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McCurdy spent most of the 1980s fronting several bands. The Men About Town (which included several members of Yipes!), Mankind, and The Confidentials all enjoyed minor success touring the Midwest. It was not until late in the eighties, when McCurdy decided to take tentative steps into performing solo, that he managed to find his real niche.
Performing initially for sparse audiences in small bars, he honed his act to what could be described as "interactive goofiness". For example, one of his most popular segments are his tributes to the 1980s and 1990s. These medleys, consisting largely of one-hit wonders from those respective decades, invoke a sort of call-and-response with the crowd, where McCurdy sings a line or two from each song, cueing the audience to continue that bit. This style quickly attracted a devoted cult following of fans, many of whom would (and still do) attend his shows on a weekly basis. McCurdy's act has also brought increased involvement of his sound and light man, Jim "Pipe Jim" Schafelburger, an entertaining aspect in its own right. Over time, the audiences became less sparse and the bars became less small, thanks mainly to word-of-mouth marketing.
He regularly tours the upper midwestern part of the United States with regular stops in Milwaukee, Madison, Chicago, Green Bay, and Minneapolis. His shows usually consist of just him and his guitar and include improvised interaction with the audience. While the majority of his audience is made up of a college-age crowd, McCurdy appeals to a large number of people of all ages. Performing well over 300 shows a year, his large catalog of original songs (over 600 and growing) covers a variety of topics such as lost loves, politics, family vacations, hair styles, the joys of Asian cuisine, the sex organs of long-dead French Emperors, how the world cannot live without Sex & Beer, and wishing to have a Monkey Paw. He even successfully makes humorous the mundane daily cycle of waking up, going to work, getting drunk, and going to sleep.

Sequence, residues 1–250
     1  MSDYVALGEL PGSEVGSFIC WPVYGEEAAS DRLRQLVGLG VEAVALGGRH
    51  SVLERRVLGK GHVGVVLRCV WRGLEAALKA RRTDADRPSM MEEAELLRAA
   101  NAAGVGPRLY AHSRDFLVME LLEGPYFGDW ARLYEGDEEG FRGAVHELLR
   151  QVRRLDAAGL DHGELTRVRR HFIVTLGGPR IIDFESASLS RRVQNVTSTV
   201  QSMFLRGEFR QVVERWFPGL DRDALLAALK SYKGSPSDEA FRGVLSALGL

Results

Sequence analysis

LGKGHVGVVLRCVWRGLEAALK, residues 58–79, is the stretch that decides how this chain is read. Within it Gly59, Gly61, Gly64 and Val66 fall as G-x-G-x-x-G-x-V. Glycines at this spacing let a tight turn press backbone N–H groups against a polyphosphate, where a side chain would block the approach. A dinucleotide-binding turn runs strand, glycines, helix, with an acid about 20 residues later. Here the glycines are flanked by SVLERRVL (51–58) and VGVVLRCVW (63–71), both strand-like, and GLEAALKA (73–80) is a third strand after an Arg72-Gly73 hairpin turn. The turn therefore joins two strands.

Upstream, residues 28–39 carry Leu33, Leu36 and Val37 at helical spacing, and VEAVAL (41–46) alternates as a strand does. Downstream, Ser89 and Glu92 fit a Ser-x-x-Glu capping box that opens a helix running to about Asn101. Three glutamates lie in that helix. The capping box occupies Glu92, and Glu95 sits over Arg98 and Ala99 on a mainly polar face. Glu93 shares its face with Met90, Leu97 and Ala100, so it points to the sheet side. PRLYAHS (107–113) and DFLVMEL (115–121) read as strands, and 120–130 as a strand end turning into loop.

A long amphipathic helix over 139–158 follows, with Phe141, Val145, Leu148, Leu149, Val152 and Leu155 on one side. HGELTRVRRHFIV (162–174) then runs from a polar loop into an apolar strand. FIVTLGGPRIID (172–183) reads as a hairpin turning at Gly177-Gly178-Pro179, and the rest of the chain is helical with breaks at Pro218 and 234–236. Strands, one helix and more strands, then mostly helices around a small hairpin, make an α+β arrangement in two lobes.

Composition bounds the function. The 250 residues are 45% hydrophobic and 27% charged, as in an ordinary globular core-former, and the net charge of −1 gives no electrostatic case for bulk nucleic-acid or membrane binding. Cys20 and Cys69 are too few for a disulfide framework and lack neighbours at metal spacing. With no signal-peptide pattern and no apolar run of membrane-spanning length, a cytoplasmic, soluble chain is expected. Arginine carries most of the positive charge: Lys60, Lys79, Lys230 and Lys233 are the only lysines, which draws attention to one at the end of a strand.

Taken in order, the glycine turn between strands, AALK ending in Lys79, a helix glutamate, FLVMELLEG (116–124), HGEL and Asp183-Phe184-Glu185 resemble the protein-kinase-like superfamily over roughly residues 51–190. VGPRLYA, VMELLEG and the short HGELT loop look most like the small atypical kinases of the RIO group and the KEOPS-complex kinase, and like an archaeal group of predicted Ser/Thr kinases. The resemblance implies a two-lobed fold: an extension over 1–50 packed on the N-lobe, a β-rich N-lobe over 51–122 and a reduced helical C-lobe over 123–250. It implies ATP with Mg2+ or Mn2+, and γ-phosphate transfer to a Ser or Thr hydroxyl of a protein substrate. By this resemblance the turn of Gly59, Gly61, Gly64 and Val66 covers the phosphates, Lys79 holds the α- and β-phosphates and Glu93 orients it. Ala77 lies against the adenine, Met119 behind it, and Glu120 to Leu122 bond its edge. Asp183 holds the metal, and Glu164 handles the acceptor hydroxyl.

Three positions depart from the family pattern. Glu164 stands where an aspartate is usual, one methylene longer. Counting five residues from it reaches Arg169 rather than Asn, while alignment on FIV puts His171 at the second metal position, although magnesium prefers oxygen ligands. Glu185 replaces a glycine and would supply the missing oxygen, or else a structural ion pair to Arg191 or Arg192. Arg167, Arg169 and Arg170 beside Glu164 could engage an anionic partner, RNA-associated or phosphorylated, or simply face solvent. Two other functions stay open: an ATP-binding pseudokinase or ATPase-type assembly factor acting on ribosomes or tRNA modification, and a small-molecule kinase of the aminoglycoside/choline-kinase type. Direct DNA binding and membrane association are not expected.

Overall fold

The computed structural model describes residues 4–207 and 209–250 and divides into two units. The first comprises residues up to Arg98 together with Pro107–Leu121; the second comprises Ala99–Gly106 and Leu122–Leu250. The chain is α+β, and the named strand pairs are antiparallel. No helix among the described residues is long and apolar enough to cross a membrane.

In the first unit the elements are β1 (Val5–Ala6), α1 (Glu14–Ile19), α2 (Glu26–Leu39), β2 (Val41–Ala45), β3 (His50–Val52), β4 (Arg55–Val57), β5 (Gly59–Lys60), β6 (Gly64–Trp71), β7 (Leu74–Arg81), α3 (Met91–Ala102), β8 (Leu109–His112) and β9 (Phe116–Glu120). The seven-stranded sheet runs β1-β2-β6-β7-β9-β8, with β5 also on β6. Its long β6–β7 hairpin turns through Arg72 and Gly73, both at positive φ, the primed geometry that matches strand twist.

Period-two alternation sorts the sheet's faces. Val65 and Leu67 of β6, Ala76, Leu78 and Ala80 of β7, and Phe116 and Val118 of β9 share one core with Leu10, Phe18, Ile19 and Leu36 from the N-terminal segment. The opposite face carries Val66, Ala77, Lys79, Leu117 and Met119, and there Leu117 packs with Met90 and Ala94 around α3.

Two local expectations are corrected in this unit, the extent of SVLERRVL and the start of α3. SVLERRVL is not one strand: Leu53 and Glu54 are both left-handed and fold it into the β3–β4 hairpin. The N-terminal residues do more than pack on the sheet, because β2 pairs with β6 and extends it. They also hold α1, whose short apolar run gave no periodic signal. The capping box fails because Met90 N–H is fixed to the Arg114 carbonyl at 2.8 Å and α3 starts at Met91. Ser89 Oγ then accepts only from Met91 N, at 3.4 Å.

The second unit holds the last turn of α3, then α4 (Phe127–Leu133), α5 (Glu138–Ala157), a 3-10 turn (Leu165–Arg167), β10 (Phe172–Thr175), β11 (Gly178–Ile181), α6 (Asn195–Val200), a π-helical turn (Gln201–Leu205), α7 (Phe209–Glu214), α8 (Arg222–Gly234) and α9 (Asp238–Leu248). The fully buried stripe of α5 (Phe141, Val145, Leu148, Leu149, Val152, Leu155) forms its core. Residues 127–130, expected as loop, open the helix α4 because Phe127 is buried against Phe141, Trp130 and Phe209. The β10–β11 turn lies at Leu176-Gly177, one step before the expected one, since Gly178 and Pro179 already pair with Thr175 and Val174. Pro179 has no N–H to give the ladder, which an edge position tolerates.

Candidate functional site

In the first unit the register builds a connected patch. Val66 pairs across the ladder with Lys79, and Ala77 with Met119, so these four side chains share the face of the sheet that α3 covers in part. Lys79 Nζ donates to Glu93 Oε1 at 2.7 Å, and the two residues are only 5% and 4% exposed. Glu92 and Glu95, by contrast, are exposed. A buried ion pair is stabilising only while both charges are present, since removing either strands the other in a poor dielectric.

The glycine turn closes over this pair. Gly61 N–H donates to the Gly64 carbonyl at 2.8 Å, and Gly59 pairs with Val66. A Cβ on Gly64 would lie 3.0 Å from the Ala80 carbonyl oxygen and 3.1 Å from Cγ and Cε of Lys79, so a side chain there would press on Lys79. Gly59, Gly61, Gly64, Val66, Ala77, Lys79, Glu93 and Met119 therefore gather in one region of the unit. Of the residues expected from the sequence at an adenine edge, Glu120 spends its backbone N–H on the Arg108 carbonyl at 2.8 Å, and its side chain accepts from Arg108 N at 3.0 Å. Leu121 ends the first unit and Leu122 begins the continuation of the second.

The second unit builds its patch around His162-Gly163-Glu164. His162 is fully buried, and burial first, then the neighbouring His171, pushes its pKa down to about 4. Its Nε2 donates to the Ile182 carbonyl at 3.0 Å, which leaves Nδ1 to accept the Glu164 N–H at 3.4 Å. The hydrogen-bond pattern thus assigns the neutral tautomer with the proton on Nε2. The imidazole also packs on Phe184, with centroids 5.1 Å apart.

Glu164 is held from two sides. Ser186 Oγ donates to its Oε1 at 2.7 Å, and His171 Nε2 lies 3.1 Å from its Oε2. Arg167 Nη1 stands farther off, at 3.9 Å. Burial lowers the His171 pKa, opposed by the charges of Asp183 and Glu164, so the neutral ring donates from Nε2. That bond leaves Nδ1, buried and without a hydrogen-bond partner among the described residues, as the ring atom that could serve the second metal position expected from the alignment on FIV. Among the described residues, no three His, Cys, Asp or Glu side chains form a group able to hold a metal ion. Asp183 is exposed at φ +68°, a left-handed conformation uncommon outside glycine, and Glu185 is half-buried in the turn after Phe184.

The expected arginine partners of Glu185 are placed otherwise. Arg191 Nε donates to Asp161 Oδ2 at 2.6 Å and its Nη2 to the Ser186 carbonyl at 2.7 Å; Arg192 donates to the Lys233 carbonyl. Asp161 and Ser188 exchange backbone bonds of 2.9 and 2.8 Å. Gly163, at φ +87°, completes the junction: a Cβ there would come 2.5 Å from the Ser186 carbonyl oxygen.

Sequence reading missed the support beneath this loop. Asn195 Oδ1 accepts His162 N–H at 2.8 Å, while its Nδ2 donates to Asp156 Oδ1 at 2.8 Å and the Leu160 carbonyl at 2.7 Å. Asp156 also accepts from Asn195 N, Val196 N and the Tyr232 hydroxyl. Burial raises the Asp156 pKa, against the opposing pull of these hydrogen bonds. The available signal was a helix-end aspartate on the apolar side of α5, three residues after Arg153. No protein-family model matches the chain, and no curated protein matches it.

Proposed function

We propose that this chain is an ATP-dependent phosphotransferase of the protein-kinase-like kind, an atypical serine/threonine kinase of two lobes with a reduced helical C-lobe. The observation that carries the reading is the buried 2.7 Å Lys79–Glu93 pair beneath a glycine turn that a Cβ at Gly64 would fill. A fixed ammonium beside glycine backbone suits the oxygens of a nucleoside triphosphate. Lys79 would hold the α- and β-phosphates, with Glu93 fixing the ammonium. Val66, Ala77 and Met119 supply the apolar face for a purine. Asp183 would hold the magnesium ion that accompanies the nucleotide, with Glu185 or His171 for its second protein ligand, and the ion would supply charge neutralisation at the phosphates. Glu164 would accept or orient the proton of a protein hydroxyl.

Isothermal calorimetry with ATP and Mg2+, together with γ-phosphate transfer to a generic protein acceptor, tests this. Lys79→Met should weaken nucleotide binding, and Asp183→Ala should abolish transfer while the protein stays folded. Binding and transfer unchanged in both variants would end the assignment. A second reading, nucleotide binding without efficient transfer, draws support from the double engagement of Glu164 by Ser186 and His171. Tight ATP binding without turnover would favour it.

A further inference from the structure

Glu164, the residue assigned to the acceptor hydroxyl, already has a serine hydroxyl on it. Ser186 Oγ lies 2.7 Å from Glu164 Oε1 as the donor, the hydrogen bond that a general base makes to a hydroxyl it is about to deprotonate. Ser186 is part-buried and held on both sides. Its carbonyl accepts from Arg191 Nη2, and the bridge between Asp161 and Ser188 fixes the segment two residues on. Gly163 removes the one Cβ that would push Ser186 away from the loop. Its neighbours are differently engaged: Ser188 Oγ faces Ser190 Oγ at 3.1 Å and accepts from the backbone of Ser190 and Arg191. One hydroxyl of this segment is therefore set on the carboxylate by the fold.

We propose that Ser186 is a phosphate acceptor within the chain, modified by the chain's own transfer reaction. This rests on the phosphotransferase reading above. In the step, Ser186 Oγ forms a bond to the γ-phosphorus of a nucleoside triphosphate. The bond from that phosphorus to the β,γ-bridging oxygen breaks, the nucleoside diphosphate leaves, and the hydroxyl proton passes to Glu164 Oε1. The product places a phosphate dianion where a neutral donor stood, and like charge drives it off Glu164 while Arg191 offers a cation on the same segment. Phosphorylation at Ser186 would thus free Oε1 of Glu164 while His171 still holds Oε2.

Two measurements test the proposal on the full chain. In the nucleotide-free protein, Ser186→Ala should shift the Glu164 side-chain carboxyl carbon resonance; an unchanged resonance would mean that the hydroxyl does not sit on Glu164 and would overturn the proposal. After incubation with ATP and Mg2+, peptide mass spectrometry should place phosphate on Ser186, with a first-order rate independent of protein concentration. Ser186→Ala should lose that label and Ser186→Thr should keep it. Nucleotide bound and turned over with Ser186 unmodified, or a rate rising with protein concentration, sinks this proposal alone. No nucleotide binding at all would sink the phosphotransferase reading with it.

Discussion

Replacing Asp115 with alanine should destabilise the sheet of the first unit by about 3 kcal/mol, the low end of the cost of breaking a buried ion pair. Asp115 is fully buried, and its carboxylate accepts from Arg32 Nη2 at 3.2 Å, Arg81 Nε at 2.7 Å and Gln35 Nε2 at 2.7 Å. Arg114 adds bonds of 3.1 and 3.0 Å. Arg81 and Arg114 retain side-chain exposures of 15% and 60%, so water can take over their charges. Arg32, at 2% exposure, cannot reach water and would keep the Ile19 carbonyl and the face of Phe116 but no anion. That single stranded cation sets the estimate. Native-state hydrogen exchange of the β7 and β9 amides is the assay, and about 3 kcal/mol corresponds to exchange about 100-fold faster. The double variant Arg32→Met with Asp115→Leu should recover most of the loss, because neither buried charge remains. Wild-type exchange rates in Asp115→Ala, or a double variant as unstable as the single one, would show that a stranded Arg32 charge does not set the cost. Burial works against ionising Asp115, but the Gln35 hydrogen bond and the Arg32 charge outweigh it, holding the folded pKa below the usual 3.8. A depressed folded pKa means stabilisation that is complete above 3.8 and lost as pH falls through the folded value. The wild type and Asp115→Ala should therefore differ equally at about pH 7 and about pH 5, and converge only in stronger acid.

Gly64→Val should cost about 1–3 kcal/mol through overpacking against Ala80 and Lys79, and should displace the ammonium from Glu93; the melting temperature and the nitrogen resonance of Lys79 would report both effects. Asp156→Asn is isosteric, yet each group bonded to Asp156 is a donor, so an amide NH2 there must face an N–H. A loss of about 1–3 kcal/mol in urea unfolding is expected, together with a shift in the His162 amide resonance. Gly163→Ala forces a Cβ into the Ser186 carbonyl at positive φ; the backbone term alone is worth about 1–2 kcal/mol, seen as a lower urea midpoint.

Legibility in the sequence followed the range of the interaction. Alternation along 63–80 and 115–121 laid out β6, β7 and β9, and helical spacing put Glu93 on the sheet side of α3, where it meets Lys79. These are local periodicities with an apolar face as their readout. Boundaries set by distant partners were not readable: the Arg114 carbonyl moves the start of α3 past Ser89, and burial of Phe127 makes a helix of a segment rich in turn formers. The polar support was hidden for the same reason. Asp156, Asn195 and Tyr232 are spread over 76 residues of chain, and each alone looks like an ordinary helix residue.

In 2008, he was asked by the Green Bay Packers to write a song to play in their stadium. Originally objecting because he did not like sports songs, he went on to write "I Love the Green and Gold," eventually making it into a music video starring himself and featuring Larry the Cable Guy. After the Packers won Super Bowl XLV, he wrote a follow-up song entitled "The Trophy Song."
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